This is a quite fascinating book. Actually I started to find myself always fascinated by early first-person account of China. I have this curiosity of what this country was like, and everytime I read a book like I always found myself keep thinking how similar peopel then to people now, and how unchanged this place has been. This actually bothers me because I think I am being biased against them, that I have already drawn a conclusion and am therefore seeing evidence (and seeking evidence in haystack) everywhere.

    The conversation between Bea and her Russian pupil is just funny:

    Speaking of saving for a rainy day, one of my Russians met that expression in his reading the other day, and wanted to know what it meant. I said he might be sick and need money for doctor or hospital.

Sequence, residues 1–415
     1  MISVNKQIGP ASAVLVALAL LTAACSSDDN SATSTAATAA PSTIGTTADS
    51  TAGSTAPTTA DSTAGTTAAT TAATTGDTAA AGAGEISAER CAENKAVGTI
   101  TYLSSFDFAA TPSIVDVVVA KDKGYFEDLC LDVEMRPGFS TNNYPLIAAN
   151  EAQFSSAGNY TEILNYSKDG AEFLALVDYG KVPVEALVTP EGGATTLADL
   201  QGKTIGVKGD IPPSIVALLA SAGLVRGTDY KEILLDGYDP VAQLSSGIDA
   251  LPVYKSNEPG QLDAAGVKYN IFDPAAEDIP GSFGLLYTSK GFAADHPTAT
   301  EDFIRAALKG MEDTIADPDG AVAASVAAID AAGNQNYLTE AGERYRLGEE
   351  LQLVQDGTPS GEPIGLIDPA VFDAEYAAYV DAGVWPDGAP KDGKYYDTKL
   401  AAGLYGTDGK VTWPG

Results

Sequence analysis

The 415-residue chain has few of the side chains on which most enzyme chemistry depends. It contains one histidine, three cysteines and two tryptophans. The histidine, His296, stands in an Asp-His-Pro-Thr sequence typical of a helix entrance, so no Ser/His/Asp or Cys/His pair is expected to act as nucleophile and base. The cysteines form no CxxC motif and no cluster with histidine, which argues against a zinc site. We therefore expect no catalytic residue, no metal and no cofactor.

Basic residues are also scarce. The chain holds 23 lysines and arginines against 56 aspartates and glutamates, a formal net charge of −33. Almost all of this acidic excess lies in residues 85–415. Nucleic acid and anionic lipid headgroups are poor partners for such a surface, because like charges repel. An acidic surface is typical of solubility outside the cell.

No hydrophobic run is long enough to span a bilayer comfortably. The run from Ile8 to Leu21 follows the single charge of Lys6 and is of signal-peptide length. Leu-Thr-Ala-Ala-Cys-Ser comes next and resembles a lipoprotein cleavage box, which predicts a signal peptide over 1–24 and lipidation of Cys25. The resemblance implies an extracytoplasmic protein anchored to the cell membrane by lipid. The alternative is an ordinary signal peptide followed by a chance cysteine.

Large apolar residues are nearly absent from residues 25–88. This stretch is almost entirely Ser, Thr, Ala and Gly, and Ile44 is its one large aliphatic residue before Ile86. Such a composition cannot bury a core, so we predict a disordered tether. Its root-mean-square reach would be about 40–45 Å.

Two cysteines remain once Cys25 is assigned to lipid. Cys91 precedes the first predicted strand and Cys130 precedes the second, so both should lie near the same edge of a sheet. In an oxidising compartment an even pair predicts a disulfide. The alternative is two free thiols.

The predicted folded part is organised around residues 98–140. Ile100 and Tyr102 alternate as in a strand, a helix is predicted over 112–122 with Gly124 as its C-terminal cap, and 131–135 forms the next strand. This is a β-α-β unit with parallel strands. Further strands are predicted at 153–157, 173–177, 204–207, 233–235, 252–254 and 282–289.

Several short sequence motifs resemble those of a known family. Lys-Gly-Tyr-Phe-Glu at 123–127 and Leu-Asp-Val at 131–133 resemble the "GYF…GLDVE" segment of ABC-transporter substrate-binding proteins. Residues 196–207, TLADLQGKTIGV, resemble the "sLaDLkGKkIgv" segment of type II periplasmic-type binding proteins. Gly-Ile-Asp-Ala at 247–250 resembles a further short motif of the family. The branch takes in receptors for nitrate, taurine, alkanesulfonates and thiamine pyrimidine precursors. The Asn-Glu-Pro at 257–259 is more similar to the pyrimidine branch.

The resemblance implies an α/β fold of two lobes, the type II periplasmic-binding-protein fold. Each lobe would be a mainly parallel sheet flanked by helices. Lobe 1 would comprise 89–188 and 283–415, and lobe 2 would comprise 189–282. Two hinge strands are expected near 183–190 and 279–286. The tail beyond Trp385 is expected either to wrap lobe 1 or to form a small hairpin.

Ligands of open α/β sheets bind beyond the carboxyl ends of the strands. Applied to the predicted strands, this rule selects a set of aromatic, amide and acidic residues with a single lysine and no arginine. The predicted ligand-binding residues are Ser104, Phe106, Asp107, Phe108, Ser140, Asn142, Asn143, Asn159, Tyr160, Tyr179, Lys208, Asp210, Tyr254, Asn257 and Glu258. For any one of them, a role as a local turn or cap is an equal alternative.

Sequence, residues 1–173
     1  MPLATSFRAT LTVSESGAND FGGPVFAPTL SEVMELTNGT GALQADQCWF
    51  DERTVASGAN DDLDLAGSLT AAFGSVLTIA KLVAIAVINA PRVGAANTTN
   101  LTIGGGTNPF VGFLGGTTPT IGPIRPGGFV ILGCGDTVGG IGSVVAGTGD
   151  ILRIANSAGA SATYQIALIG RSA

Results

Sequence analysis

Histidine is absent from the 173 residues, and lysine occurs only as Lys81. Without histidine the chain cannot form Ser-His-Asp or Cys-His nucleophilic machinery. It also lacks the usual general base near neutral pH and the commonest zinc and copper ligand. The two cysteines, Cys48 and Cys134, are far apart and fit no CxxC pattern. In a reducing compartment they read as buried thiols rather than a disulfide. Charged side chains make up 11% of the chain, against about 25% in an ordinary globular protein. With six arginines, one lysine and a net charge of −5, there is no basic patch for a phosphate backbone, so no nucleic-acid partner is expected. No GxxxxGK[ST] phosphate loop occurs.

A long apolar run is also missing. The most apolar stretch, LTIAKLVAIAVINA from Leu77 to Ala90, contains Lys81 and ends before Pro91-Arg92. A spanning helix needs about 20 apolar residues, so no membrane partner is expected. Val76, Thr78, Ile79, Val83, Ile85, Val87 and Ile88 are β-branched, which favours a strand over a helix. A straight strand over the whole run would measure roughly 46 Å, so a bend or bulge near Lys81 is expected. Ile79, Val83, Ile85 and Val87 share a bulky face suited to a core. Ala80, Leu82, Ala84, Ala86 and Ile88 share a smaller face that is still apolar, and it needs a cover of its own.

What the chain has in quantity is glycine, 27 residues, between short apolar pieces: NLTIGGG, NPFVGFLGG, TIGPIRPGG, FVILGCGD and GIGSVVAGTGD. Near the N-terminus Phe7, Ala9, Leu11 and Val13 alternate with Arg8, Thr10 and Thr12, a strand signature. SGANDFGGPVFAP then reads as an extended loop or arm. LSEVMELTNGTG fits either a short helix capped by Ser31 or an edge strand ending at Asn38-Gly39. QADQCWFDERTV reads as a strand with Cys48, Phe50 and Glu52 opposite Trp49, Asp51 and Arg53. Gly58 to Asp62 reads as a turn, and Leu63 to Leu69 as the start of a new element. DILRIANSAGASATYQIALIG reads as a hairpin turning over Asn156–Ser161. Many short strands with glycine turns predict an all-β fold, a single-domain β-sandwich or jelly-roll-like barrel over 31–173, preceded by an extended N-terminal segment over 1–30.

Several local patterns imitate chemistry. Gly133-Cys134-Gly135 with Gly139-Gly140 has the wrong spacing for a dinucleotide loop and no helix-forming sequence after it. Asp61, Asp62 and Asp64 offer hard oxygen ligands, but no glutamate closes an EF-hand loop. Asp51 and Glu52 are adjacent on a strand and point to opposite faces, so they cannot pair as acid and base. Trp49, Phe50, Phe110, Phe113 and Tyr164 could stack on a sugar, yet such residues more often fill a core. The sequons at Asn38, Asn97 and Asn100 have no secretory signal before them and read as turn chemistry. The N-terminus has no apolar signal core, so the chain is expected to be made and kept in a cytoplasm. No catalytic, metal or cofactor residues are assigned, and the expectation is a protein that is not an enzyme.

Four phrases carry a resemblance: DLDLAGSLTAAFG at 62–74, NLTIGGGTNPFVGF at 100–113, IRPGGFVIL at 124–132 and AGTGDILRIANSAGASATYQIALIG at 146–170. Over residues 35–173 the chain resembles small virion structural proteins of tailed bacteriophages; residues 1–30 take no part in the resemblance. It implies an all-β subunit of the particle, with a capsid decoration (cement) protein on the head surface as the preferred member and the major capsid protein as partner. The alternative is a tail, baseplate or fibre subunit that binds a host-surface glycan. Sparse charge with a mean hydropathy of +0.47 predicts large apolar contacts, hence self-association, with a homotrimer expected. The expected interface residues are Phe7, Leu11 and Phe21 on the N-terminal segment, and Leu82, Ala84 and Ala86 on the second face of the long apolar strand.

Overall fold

"But doctors and hospitals are free."

    "You might want to save to send your child to college."

    "But all education is free."

    "Your house might burn up."

    "The I would be given another."

    "You might want to travel."

    "If the government allows me to travel, they will pay my expenses."

    I felt uneasy at the thought of a culture in which there is no motive for thrift, and in which one may not make one's own decision to travel.

    So even in the time of such, she had an acute sense of disillusion of utopia however well its golden cage may give its captives. But again, I start to wonder whether it is just a matter of choice of life style, like belief, is completly subjective and opinionated.

    — by Feng Xia


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